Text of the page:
“The mind is able to recognise a combination of general human psychological and website design factors (which are not actually independent of one another) at extremely high rates of speed, in the same way that you are able to to recognise several letters jumbled together as a specific word and assign meaning to it. Psychology has always played a part in internet usage, but we are only recently beginning to understand the depth of its effects. When you break it down, web design is simply the manipulation of content and images on a website to appeal to the perceptions of a target audience.”
The key to Web design, it seems, is a basic understanding of what works psychologically for a particular brand or product. For instance, Cleanthous notes that most people prefer reading black text on a white background, rather than vice versa. But that color scheme could — and has — worked for some products, and it’s up to the designer and the marketing team to determine when it can. So while I enjoyed designing my Web site, it was a challenging task that reminded me just how little I know about marketing and design, and how much more I have to learn if I want to succeed in this business.
Needless to say, I’m not a psychologist, either.
As a reporter, I spend a large portion of my days looking up information online — background information, names, addresses, etc. You name it, I’ve probably looked it up. That said, I am constantly amazed by the lack of consideration a lot of companies, organizations and institutions have for Web design. It’s critical for attracting and keeping customers, but the vast majority of small businesses and non-profits have outdated, poorly designed Web sites that contain inaccurate information.
For example, I looked up the Web site for WVU’s Sierra Student Coalition the other day to ask a few questions about eco-friendly transportation initiatives. Good idea, right? WRONG. The site hasn’t been updated since 2006! What if someone who was new to Morgantown and WVU wanted to get involved? I realize they advertise upcoming meetings and host other activities on campus, but an organization’s Web site is its link to the world. It’s critical to keep it up-to-date.
Before it launched a new, overhauled site a few months ago, the San Lucas Mission — which I visited and worked with during my recent trip to Guatemala — had used the same elementary Web site since 2004. The design was terrible, the photos were terrible and the information failed to capture the wondrous work of the mission. The new site is modern, sleek and innovative. Even more important, it contains a wealth of accurate information that will likely entice new volunteers to pitch in to help out the people of Guatemala.
Another important component of Web design is ease of use and access to information. When I do manage to find up-to-date Web sites, it’s often difficult to find the information I’m looking for. I’ve noticed that this a particularly common problem with content-heavy government Web sites. You can have the most creatively-designed, data-rich Web site in the world, but if people can’t find the information they need, it’s useless. An example? The search engine on WVU’s main page. WVU’s Web site contains a wealth of information dating back to the 1990s, but the search tool is TERRIBLE. There’s no easy way to sift through the results, they’re poorly organized and you can’t sort through them by date. I usually end up using Google to access information at WVU’s Web site because it’s far more effective.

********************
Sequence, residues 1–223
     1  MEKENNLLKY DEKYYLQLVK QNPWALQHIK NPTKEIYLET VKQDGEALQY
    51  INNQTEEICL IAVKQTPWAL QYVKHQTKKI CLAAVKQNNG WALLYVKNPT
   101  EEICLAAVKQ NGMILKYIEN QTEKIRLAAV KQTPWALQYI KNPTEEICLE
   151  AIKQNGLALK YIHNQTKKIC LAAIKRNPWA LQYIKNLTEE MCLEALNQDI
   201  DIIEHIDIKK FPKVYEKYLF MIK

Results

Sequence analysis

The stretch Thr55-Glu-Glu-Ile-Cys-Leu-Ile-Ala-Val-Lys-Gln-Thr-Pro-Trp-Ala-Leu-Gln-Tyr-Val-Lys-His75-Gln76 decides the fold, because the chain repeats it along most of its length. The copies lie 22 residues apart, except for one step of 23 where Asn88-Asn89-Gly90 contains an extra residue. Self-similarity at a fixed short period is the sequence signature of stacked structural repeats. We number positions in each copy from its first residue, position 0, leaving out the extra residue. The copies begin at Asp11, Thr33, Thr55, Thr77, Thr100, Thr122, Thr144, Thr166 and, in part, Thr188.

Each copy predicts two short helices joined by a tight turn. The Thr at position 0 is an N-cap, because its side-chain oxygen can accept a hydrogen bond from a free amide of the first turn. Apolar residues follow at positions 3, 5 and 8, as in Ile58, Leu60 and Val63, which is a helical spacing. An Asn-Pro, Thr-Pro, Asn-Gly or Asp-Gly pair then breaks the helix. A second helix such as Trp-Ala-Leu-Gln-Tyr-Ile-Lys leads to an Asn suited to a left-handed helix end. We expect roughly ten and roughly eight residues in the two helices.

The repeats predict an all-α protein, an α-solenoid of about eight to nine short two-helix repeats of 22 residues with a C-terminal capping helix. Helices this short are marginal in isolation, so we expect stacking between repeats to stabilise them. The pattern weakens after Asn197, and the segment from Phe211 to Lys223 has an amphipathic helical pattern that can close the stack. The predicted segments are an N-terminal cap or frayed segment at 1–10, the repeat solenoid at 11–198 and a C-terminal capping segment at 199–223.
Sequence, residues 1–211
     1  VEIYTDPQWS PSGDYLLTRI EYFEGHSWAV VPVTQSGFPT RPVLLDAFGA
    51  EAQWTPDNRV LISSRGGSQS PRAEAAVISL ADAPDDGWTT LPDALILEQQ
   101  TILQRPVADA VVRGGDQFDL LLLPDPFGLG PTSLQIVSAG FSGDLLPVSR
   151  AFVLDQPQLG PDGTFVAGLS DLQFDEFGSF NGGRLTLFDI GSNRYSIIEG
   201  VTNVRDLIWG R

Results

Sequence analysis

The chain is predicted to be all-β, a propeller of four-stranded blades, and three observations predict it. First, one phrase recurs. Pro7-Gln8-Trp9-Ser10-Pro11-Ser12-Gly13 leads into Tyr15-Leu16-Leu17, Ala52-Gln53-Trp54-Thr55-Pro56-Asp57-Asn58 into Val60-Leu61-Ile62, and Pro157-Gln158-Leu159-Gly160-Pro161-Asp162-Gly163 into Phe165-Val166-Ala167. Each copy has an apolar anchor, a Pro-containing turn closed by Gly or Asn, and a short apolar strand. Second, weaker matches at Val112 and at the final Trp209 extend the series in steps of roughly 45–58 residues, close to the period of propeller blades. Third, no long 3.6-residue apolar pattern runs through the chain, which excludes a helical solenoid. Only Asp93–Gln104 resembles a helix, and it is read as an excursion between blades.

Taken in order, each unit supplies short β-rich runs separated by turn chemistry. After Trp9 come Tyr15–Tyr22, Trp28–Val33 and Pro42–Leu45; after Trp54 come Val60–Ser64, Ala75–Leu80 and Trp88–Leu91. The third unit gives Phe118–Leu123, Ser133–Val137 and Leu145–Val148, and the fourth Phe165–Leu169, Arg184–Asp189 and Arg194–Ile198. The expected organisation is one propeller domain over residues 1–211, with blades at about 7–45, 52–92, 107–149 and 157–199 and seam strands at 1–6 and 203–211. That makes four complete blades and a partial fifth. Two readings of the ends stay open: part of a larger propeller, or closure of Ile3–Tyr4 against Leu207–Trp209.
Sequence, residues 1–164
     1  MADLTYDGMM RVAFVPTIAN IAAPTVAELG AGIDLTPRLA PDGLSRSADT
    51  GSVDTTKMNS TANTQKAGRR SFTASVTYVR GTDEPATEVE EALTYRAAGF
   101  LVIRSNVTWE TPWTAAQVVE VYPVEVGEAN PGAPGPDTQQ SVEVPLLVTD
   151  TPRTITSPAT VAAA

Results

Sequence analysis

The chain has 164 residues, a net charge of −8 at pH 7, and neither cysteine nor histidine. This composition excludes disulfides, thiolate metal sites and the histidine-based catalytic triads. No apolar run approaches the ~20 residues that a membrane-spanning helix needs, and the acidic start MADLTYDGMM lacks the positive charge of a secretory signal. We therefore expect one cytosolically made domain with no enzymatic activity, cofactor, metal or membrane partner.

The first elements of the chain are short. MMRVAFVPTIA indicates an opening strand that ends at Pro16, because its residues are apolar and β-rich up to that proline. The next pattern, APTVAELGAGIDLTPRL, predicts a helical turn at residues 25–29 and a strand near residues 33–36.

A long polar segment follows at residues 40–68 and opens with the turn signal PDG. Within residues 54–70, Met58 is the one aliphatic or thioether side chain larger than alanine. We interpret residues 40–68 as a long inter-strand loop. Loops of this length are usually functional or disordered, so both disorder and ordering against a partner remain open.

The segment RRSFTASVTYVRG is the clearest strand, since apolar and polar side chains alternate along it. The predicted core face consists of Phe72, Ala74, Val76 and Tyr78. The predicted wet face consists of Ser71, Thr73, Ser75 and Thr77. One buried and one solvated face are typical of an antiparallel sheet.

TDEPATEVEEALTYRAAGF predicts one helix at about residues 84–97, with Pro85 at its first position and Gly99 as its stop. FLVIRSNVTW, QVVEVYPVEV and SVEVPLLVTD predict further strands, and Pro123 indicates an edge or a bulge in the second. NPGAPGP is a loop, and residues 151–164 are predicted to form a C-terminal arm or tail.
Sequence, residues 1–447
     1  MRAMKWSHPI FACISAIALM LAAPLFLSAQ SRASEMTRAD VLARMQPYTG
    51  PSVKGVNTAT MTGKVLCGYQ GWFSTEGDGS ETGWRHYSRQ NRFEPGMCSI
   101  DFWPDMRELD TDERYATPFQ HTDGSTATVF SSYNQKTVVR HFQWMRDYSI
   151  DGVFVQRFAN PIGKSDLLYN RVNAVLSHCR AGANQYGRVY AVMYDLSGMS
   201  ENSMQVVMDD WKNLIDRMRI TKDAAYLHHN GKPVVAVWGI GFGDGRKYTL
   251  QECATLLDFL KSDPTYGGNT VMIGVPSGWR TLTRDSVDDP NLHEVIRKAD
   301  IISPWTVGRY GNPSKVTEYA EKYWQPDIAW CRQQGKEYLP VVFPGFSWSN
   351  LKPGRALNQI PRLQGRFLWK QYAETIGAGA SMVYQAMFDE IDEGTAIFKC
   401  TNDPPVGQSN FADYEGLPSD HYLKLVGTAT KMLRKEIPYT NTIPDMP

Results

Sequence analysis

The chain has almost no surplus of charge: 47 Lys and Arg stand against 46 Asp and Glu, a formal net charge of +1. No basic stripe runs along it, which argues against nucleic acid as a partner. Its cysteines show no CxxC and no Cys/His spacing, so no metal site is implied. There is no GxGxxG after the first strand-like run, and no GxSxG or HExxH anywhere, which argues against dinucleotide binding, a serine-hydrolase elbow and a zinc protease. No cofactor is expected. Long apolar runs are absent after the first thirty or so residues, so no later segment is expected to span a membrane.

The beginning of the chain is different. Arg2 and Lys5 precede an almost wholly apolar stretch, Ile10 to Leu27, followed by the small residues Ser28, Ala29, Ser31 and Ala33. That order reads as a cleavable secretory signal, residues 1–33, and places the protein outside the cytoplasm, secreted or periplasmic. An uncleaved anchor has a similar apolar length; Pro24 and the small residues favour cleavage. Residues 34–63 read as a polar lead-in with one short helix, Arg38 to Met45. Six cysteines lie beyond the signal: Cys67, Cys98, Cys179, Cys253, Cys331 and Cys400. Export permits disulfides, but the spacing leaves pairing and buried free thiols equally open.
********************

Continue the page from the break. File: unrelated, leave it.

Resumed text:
I could provide dozens of other tips and suggestions, but those are just a few of the Web issues that make my life more difficult. I’ll keep the rest to myself for now.
I’m a white girl in every stereotypical way. I have no butt, no boobs, no hand-eye coordination, no athletic ability, etc. The list goes on and on. But my stepdad — who is essentially my second dad, as he’s been married to my mom since I was 5 years old — is multiracial. Black, white and Cherokee, to be exact. So I’ve always been a bit sensitive to messages targeted towards a people with a mixed ethnic background. As Lori George Billingsley indicated in a PR Week column published last week, marketers who want to connect with a multiethnic audience should avoid taking a broad-based approach and instead “create specific cultural relevancy with each ethnic group to strengthen their brand.
Targeting each audience with its own unique Facebook page or MySpace group is one good way to accomplish this task, I think, and Billingsley presents evidence in support of that idea. She said minorities are more apt to frequent social networking sites, and Hispanics are actually the fastest-growing group of Internet users. African-Americans account for about 11 percent of U.S. Internet users, and about 90 percent of Asian-Americans are online, too.
Billingsley advocates using social media to strengthen brand relationships with minorities. Expanding on that idea, I think marketers should consider using social media reach out to minorities of mixed ethnicity, too. If that approach proves successful, it might resolve some of the identity issues that arose in the media during last year’s presidential race. Perhaps it might also encourage the population to stop thinking of people as white or black or Cherokee, but rather a mix of all three fascinating ethicities. I know my stepdad would appreciate it.
On another note: I’ve been encouraged by some of the small, local businesses I’ve noticed embracing social media. The Boston Beanery, the Morgantown-based restaurant chain I worked for in college, sent out a message to Facebook users today reminding them that the Beanery’s famous chicken chimichanga special was available today for Cinco de Mayo. Welcome to the 21st-Century!